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Therapy for the Fae

Goblins, witches, and dragons, oh my...

By Leah DeweyPublished 3 years ago 8 min read
Therapy for the Fae
Photo by Vinícius Henrique Photography on Unsplash

Therapy For The Fae

I stood off to the side of the room watching the sun set lazily out the window. Her raze glistened and held tightly to the trees and the tall grass as if trying to make sure to leave a lasting impression. As if reminding the rest of the world that it couldn’t survive without her. I pulled my cardigan tighter as I crossed my arms over my chest.

“I read this quote in a book once that said: ‘children don’t need to be told dragons exist. Children already know dragons exist. They need to be told dragons can be defeated.’ I can’t remember who said it-”

“I believe it was G.K. Chesterton,” Dr. Anderson replied. I nodded.

“What a strange name, but yes that sounds familiar. I can’t help but think while I agree with Chesterton’s statement I think what he meant was ‘monsters’, not dragons. Dragons are seriously misunderstood creatures....” My voice trailed off as I thought about the few dragons I had known in my time.

“Have you known many dragons, Mlia?” He did his best to sound neutral, interested, even but I could hear the disbelief and sarcasm in his tone. I scoffed a bit to myself. I had long since passed the need to prove true reality to anyone unwilling to open their minds. Which was part of why even though I valued my sessions with Dr. Anderson, I knew he wouldn’t be able to help me. Not really.

“I’ve known a few. They are not as easy to come by. But dragons are good. They seek to protect and safeguard. They are humble and majestic. You know you’re in good hands when you are loved by a dragon. But monsters... well, that’s something else entirely.”

The sun had almost completely melted behind the trees now and his two modern lamps in the corner of the room were slowly becoming the only illumination.

“Have you known many monsters, then?” He asked this time seeming more concerned than anything else. I turned to look at him now. He sat, still as ever in his dark leather chair, stirring his tea and looking at me through his bifocals with a perplexed expression.

“Why do you think I’m here?”

“Do you want to tell me about them?” He asked absentmindedly sipping his tea without taking his concerned eyes off of me.

“Would you like to listen?” I asked, turning back to the quickly dying sunset.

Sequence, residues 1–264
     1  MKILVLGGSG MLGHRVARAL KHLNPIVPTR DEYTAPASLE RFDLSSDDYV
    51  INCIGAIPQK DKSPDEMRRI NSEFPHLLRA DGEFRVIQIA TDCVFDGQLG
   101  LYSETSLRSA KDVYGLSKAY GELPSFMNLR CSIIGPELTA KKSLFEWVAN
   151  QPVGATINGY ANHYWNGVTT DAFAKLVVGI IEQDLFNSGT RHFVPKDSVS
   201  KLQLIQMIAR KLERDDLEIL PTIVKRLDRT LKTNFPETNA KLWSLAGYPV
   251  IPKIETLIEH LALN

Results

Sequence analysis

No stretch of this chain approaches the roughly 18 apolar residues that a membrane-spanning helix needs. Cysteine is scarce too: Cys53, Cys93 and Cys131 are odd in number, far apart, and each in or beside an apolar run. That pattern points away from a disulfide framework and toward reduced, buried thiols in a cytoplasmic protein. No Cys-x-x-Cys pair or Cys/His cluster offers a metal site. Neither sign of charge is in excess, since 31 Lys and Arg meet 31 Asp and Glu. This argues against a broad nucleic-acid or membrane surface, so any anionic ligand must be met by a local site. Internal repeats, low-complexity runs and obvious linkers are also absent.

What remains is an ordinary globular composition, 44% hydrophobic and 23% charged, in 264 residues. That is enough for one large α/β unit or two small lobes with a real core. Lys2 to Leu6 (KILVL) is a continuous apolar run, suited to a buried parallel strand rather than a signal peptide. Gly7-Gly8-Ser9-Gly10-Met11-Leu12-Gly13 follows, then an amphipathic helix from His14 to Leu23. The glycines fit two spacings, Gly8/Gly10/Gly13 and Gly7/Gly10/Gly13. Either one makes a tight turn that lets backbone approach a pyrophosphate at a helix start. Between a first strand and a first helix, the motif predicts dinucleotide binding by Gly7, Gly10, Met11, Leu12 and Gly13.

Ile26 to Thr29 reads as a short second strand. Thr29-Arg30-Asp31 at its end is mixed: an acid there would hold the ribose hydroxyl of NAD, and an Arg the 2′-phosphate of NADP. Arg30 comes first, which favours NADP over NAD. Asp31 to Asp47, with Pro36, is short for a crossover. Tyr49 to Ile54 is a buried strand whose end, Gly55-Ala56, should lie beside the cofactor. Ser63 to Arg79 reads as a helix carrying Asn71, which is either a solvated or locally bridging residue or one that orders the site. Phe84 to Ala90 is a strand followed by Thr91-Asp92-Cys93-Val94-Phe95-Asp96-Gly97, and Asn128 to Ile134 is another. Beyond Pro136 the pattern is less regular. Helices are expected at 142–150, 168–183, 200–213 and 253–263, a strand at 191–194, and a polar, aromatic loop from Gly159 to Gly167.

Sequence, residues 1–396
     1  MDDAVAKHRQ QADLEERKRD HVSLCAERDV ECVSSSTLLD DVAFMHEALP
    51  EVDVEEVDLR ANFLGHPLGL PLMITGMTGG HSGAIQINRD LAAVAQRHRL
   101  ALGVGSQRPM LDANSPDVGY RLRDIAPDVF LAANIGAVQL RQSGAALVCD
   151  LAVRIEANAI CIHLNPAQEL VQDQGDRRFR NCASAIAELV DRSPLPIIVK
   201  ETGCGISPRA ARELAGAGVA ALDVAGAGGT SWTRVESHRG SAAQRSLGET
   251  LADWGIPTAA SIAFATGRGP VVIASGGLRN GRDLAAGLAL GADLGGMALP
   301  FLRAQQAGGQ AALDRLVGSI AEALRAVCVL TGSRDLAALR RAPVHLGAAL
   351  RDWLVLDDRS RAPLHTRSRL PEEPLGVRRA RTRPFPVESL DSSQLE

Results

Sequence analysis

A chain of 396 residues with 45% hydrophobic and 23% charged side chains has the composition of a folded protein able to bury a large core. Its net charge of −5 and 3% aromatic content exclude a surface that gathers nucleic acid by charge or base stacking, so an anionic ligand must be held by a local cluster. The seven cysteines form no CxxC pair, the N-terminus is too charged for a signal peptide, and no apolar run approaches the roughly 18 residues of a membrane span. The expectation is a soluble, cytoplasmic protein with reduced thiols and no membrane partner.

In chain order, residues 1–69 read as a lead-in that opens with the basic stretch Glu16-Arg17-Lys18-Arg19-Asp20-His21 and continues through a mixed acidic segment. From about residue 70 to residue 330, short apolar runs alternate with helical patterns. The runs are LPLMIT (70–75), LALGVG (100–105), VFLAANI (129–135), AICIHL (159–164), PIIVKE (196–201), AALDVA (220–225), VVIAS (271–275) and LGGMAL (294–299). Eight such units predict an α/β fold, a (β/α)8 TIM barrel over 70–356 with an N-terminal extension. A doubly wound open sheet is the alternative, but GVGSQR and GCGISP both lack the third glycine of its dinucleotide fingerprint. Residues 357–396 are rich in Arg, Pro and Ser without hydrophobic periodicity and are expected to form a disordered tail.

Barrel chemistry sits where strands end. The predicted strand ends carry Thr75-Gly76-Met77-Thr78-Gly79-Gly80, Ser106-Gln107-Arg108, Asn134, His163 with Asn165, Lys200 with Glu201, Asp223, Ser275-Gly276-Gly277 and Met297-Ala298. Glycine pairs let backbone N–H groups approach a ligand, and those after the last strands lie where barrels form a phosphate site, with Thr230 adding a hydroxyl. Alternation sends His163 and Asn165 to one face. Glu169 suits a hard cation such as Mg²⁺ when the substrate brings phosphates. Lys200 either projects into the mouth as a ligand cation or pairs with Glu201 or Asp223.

“Isn’t this the point of our sessions, Mlia?” He questioned, seemingly confused. I shrugged and moved slowly to the large loveseat across from his desk. I picked up my own cup of tea that was finally cool enough to drink.

“I suppose. I met my first one when I was very young. I didn’t understand she was a monster at first. Most monsters, I’ve learned, have a strong ability to disguise themselves as other creatures. She said she was my fairy godmother. Though her darkened, mischievous exterior should have been a red flag.”

“If not your fairy godmother, what was she?” He asked, very intrigued now.

“She was a Devoralmes, a soul eater. They delight in bringing sadness and misery to their intended victim in order to feed off of it. Fear and pain is how they survive.” I answered with a sigh. Trying not to become overwhelmed at the reminder.

“What happened to her?”

“She did as monsters like her always do: she fed on me until I was able to recognize what was happening and pull away. Though most of the time they feed until the person dies.”

“So, she’s gone now?” He asked, hopeful.

“Oh no. She’s still very much alive and around. She has blinded the rest of the world into believing she is truly my fairy godmother. Most others see the mask and do not understand my hatred or distance. A very few who are able to see the world as it truly is, understand.”

“So she still tries to feed off of you?”

“Every day. Though I’ve learned that maintaining happiness and not allowing her to bring out sadness and fear is the key to defeating her.” I responded by sipping my chamomile tea.

“That sounds difficult,” he admitted and I nodded with a heavy breath.

“After that I discovered several of the other ‘families’ brought into my life were also monsters. One of them was a slightly less stronger version of her. One of them convinced me for a long time she was actually a unicorn.”

“A unicorn?”

“Yes, a rare, pure mystical creature made of light and love. But alas, she was just much better at the mask. So good in fact I think for a long time she forgot what she truly was and lived into the mask. But we can only run from ourselves for so long.... She was the worst of them all, really. The strongest Devoralmes, I’ve ever seen.”